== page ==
Mohammed Arif Khan, a Minister in the Rajiv Gandhi’s government, vehemently pleads for retention of the punishable clause. He was trying to convince some senior Congress members that the clause envisaging, “imprisonment for a term which may extend to three years”, was necessary to discourage the practice of talaq-e-biddat (three pronouncement of talaq, at one and same time). His point was that unless there is fear of stringent punishment, no law can be enforced. Same was the case with triple talaq Bill now.

Arif had become a hero of oppressed Muslim women in what was commonly known as the Shah Bano case in 1986. It was a controversial maintenance lawsuit in which the Supreme Court delivered a judgment favouring that maintenance be given to an aggrieved divorced Muslim woman by her estranged husband. The then Congress government, headed by Rajiv Gandhi, gave in to the pressure of Muslim orthodoxy and enacted a law with its most controversial aspect being the right to maintenance for the period of iddat (after the divorce). It shifted the onus of maintaining a divorced Muslim woman to her relatives or the Wakf Board. It was seen as discriminatory as it denied right to basic maintenance available to non-Muslim women under secular law.

Arif Khan has always supported reformation within Muslims. He resigned from position of Minister of State protesting against the Rajiv Gandhi government’s stand on Shah Bano case in 1986. He vociferously defended Supreme Court judgment on Shah Bano case in Parliament. Arif opposed triple talaq and said that it should be punishable with three years in jail.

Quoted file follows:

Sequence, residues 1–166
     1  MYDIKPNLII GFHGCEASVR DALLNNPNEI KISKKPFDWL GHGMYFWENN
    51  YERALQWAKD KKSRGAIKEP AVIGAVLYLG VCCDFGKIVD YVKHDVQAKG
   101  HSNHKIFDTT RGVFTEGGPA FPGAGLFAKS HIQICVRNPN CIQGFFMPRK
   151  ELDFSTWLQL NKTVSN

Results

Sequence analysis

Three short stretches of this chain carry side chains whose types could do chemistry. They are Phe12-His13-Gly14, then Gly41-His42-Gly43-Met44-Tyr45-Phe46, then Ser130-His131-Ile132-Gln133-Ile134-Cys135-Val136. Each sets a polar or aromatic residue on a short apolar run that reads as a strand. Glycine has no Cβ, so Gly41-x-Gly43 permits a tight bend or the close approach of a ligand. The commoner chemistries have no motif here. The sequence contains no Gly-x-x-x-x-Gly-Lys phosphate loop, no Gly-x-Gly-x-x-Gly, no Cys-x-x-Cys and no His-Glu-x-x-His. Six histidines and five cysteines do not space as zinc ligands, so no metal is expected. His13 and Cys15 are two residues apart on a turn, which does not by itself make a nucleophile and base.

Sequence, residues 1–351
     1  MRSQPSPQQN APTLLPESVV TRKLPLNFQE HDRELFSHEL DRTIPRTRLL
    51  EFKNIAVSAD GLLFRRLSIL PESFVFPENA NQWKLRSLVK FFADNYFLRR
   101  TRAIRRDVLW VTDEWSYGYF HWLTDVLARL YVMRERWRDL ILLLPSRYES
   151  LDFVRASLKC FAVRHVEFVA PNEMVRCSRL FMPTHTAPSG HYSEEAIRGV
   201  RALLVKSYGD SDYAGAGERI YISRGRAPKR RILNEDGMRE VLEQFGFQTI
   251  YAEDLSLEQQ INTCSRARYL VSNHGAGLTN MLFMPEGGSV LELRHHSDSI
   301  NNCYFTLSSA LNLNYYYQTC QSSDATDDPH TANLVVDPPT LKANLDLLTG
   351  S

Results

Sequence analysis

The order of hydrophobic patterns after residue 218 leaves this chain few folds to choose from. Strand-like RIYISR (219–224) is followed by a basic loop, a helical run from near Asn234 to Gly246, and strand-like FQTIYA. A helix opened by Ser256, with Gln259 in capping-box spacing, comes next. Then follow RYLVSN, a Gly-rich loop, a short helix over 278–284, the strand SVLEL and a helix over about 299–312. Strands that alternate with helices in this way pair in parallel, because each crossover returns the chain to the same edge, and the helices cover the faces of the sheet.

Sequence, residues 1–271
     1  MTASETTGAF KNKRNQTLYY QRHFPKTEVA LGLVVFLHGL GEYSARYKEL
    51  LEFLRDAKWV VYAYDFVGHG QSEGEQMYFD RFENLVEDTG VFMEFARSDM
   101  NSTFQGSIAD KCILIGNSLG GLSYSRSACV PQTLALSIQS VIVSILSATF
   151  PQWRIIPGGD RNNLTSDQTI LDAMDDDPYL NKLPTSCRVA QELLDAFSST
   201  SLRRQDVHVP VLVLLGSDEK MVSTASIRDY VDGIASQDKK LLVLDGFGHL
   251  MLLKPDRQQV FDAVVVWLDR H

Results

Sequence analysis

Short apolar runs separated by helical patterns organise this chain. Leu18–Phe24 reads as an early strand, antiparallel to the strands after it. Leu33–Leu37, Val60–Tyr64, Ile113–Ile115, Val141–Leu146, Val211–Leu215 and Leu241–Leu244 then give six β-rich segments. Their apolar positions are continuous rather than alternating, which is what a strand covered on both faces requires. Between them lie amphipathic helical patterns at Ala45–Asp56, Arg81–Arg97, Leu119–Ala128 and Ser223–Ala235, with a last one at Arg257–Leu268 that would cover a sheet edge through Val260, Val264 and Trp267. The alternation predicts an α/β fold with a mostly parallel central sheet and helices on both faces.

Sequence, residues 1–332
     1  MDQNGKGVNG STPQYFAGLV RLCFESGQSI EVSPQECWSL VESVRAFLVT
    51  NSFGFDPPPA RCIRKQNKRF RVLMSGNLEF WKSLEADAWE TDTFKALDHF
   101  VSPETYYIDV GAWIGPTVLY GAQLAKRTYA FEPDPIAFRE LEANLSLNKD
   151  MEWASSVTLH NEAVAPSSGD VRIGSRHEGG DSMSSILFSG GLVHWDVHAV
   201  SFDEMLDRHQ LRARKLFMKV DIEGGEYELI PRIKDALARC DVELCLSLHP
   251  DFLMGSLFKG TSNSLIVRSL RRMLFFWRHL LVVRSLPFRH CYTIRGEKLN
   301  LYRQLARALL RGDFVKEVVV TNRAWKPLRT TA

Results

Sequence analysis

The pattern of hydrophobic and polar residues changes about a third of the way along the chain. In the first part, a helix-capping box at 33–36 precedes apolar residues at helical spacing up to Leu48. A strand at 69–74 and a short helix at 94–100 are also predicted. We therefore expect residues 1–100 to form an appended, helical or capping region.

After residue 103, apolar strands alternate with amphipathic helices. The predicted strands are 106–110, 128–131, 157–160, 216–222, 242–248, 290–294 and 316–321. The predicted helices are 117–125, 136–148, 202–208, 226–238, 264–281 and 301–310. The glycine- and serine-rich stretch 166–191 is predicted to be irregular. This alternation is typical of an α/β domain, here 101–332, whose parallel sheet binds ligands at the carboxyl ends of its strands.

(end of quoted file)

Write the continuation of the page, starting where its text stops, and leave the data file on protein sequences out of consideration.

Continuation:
Coming to the present time, the Supreme Court in the matter of Shayara Bano vs Union of India and others on August 22, 2017 set aside the practice of talaq-e-biddat (three pronouncements of talaq) practised by certain Muslim husbands to divorce their wives. This judgment gave boost to liberate Indian Muslim women from the age-old practice of capricious and whimsical method of divorce, by some Muslim men, leaving no room for reconciliation.

In spite of Supreme Court setting aside talaq-e-biddat, there have been reports of divorce from different parts of the country. It is seen that setting aside of Tilaq-e-biddat by apex court has not worked as deterrent in bringing down the number of divorces among certain Muslims. It is, therefore, felt that there is need for state action to give effect to the order of the Supreme Court and to redress the grievances of victims of illegal divorce, says the Muslim Women (Protection of rights on Marriage) Bill, 2017.

The Congress members point that the party is not opposed to the Bill as such, but has opposed the three-year punishment which, it felt, was too harsh. If the head of the family is sent to three years’ imprisonment, who would look after the family; the divorced woman and children, Congress members asked. They wanted the bill to go to a select committee so that it could be further examined.

Congress pointed out that party has reservation over the provision in the Bill for three-year term for any Muslim man who divorced his wife by uttering talaq three times in quick succession. Putting the bread-winner of a family in jail would not just be injustice to his family, but also to the women and children as they would be left to fend for themselves without financial support during the period.

The Congress, which has been demanding removal for the criminal provisions in the Bill, stuck to its demand for referral of the Bill to the select committee. There is no hope for the triple talaq Bill to be passed in the Winter session which to coming to an end. There is scant hope of the Bill being passed in the Budget session, the last one before April-May general election. Meanwhile, the hapless Muslim women continue to suffer. (IPA Service)